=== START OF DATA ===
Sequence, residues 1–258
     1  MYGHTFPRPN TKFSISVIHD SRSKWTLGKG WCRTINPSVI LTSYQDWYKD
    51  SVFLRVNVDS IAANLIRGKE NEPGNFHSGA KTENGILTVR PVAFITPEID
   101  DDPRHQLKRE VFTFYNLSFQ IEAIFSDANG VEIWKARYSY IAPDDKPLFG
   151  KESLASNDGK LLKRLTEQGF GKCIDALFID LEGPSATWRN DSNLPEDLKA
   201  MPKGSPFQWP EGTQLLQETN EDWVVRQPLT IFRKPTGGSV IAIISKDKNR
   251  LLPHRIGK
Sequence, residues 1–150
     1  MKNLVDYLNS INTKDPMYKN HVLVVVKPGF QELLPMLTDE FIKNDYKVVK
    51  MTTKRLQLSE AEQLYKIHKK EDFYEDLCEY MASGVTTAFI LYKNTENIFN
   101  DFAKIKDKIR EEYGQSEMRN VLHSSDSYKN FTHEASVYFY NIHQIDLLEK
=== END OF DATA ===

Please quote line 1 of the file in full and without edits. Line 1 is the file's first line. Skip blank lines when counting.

Sequence, residues 1–258